So … stars and things astronomical … well, the Geminid Meteor Shower is one that I have always ignored, usually because I have been in cloudy Winter climes much of my past, but also because it’s usually just darn cold.  However this year I decided to spend a little time observing it on its peak night, which was last night, before turning in, since I have been experiencing pristine desert skies, at altitude, and I’m already dressed for the cold.  So of course the overcast rolled in just before Sundown, and even had a twenty minute shower of the wrong kind (rain!!!), AT BEDTIME, the same time I thought I would be watching a shower of METEORS!!!  I awoke at 5 AM to clear skies an while I was dressing (a long process lying in a prone position, and putting on layer after layer for cold protection, I did see nine Geminids, out my SUV window facing northeast, one very bright and long. I have seen several Geminids each of the preceding nights, but wished to compare those nights to the peak night.  Alas, t’was not to be.

It has been getting into the high 40’s Fahrenheit, for about 10 days now, with the night-time temperatures down into the teens, so I guess it’s Winter now.  I shall be moving slowly south soon, but I still have another painting I want to complete here, and then there is part of Canyonlands National Park to see before I leave the Moab area, so a few days yet … can’t believe I’ve been here as long as I have, but the landscape here is so interesting.  Also with these short Winter days, my daily painting time is so limited.  Still, as one of my Art masters used to say … press on.


The Pigments used in the painting are:

Imprimatura & Drawing: Rublev Ercolano Red;

Pigments: W&N Cerulean, Cobalt & Ultramarine Deep Blues, Cadmiums Yellow Pale & Orange;

Rublev: Ercolano Red, Purple Ochre, Orange Molybdate, Lead White #2, Ceruse.

Friday, December 8, 2017

Red Rocks and Starry Skies.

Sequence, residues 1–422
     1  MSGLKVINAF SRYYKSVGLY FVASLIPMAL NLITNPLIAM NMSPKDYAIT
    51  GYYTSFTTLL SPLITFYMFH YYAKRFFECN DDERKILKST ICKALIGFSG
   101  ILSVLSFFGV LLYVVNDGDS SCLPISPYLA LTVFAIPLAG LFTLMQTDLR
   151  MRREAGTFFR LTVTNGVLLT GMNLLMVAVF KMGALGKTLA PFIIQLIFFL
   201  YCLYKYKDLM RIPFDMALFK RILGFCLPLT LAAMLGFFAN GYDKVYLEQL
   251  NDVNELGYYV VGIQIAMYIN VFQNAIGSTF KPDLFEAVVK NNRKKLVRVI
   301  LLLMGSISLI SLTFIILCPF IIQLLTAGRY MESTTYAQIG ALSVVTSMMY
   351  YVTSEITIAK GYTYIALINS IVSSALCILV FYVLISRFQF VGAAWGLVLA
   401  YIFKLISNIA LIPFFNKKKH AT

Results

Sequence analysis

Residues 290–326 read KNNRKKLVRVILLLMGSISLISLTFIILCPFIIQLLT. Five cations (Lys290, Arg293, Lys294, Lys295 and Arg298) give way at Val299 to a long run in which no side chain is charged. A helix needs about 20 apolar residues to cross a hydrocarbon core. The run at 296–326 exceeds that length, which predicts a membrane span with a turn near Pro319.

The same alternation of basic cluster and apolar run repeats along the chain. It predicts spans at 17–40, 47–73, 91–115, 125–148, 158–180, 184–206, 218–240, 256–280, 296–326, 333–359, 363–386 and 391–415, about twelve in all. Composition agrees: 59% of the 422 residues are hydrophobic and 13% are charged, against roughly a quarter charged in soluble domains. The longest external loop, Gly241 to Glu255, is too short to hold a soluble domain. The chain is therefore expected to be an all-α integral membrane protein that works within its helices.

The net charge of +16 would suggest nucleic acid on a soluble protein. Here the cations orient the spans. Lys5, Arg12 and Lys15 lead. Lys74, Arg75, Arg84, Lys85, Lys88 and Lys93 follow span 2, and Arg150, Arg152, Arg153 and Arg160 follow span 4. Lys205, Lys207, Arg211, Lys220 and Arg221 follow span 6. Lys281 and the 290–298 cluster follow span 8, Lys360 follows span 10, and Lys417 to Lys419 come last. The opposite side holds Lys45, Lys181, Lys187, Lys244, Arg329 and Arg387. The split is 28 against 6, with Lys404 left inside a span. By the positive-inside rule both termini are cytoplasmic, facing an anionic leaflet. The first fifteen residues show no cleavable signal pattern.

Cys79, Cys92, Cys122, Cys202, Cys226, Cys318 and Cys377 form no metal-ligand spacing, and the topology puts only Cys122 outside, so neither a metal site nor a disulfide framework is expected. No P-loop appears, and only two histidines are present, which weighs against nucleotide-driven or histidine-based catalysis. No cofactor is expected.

Monday, 30th October_Friday, 08th December, 2017; Arches N.P., Utah.

C1647
“Rocks Red … Foliage Green”
(Arches National Park, Utah)
Oil on Pannelli Telati Panel
5” x 7”



(Take Note: for those of you who have signed up to be notified by email of new postings to this blog, you have been receiving not just a notification, but an actual copy of the new blog posting as the email.  As this does not show the images of the paintings in the best possible light, you should click on the title of the latest blog posting at the top of the post, and not the title of the painting itself; this will open up the actual blog itself, and you may then enjoy the paintings at their best.)


It’s all over down here in southern Utah … Red Rocks … ancient sedimentary rock.  That doesn’t mean there are not other colours present in this geological landscape, there are; yellow ochres, browns, tans and even greens, but red is the predominate colour one thinks about once darkness falls and the day is considered before sleep.  This makes for a very interesting landscape of contrasting colours, with the greens of the Junipers, Pinyon Pines, Sagebrush and other bushes complementing the earth red rocks; kind of like subdued Christmas colours everywhere.


The Wall of Elephants near Double Arch.

Double Arch.

The cliffs especially glow at sundown, almost on fire, and I have observed most clear evenings, about twenty to thirty minutes after the sun has set, the cliffs radiating a different sort of glow seemingly from within while the rest of the landscape and the sky are darkened with the dusk.  This glow seems to last about ten or so minutes.


The South Window.

Evening Glow at the Wall of Elephants.